With more low-rise condos and townhouses in progress, I’m sure the new residents will be pleased to bike north or south.
The tricky part of biking on Shaw is crossing College. Some mornings you have to gamble on a pedestrian wanting to cross here, triggering the lights above. Part of the contraflow redesign would see bike-specific signals installed here.
Another positive on the contraflow installation would be resurfacing Shaw through some of the rougher spots (see below):
So it will be as smooth as this section just north of Dundas.
Two-way traffic kicks back in at Dundas:
I’m not sure what will become of the grassy median when Shaw gets overhauled [as part of the contraflow redesign], but right now it’s a pleasant but narrow stretch where I’m always slightly nervous that some impatient driver will be revving right behind me -- but with a 40 km/h limit on a slight downhill I rarely experience any conflicts.
South of Queen it gets less claustrophobic as I glide by the CAMH grounds, where they’ve literally torn down the walls to be better entwined with the Queen West community. I really do love what they’ve done with the place.
The underpass on King West is probably my least favourite part of my commute. I can build up quite a velocity passing under the train tracks, but with tight lanes and no room for error I tend to “take the lane” for my own safety. This is the one spot I run into the most impatient drivers as they feel inclined to blast down the right lane -- there is inevitably a row of cars in the left lane attempting to turn left into Liberty Village.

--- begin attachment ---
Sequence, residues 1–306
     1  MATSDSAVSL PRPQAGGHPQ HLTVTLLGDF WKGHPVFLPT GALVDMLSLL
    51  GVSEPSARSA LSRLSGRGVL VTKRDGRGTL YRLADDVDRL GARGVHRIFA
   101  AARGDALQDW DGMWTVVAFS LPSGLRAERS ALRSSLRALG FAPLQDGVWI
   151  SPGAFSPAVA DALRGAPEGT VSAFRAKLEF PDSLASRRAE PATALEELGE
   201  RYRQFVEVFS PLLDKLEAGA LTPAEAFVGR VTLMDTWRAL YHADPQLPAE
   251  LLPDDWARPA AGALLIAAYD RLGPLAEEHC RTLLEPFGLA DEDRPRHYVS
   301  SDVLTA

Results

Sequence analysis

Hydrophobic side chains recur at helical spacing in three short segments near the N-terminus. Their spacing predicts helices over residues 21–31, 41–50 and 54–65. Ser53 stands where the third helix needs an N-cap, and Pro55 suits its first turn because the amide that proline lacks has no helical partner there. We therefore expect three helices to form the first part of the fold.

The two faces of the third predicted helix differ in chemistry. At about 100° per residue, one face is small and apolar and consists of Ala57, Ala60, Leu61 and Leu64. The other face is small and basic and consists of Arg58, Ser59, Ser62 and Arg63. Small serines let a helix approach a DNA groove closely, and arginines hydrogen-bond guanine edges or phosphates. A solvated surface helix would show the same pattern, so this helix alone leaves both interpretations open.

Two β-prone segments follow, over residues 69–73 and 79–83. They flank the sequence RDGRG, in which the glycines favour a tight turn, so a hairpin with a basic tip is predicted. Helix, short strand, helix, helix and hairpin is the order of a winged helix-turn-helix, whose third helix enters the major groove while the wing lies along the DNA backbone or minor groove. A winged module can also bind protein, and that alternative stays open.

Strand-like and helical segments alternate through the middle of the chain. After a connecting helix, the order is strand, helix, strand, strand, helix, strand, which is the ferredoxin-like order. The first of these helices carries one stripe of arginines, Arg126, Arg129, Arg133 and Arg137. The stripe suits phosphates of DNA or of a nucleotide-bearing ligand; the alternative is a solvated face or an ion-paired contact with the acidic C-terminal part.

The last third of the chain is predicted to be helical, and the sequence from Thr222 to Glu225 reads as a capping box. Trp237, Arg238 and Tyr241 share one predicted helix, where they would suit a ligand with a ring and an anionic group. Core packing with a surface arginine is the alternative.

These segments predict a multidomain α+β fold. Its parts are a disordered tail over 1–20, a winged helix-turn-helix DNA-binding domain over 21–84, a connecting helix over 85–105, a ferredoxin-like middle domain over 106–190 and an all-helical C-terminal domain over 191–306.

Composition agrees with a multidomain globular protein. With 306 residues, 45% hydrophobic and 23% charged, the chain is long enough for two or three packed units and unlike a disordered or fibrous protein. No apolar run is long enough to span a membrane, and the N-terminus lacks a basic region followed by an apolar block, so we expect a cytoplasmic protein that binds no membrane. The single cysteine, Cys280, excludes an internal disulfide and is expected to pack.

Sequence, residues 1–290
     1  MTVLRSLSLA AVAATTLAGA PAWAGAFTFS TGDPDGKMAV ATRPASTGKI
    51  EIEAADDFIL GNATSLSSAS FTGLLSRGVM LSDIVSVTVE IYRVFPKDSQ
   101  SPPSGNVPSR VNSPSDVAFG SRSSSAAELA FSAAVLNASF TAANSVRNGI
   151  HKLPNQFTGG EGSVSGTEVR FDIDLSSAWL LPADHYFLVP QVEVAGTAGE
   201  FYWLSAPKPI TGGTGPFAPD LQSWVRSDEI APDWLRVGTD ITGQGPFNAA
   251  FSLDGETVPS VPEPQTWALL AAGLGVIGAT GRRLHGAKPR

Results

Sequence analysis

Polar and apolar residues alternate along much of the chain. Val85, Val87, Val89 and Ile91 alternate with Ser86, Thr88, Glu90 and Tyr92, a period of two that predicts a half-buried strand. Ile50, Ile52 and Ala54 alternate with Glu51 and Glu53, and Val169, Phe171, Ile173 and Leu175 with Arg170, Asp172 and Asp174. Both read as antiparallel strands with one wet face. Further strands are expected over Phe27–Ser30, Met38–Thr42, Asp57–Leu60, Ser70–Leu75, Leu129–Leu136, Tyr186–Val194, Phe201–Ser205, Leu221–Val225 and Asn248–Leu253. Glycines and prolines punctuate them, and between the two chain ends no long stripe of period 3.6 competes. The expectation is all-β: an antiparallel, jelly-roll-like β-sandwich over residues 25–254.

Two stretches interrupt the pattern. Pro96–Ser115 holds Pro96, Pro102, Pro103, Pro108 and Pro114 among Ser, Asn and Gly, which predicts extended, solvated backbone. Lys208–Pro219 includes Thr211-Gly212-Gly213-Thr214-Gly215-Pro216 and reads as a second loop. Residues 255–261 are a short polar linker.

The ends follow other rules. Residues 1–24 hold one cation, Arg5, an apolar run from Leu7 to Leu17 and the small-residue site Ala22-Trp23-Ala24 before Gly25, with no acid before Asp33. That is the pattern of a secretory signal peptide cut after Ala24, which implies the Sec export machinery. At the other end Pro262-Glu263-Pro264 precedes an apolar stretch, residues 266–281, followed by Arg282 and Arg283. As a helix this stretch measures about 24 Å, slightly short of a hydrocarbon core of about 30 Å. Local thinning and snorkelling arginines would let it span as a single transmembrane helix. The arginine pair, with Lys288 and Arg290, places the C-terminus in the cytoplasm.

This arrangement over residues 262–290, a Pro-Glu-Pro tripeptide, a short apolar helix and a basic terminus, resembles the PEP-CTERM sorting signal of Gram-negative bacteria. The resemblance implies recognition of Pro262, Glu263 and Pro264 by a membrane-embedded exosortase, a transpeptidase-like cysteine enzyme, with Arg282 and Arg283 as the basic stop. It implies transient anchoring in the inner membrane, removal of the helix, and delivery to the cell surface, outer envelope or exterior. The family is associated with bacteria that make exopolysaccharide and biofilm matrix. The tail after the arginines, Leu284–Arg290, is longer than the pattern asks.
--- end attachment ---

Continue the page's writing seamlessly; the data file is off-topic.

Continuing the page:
I soldier on through the underpass and shoot out the other side to make my own less-than-savoury left turn. Et viola ... I’m in Liberty Village.
Liberty itself isn’t great for biking in – the roads are narrow, there are a lot of four-way stops, many stretches of road don't have sidewalks and in some places there are even bricks poking out of the pavement from the area’s past life as a manufacturing 'hood. With plenty of new condos rising, the city will have to devise better ways to get people in and out of Liberty Village that will offset the endless stream of single-occupant vehicles; the lone, meandering bus route doesn’t quite do the trick today.
But for me, it’s not the destination, but the journey itself. This commute – usually about 25 minutes door-to-door for me – is one of the shorter routes I’ll take when the weather gets nice. When the temperature hits double-digits, I’ll often swing all the way through the Junction, past High Park before hitting the Martin Goodman trail. The more time I can spend on my bike in a day, the happier I am!
I’m not looking forward to the redesign of the Wellesley and Harbord bike lanes. Any discussion I’ve heard so far has pointed to the separated bike lane design that was used on Sherbourne, and we all know how well that’s working. I will reserve judgement until I test the route, but something tells me I may be looking at a longer route in the future.
When not working as an Apple IT Consultant, Joe Byer is on his bike to and from work or for longer rides throughout Toronto.
*dandyhorse supports all cycling infrastructure. We hope that sharrows in Toronto act as gateway infrastructure to more bike lanes.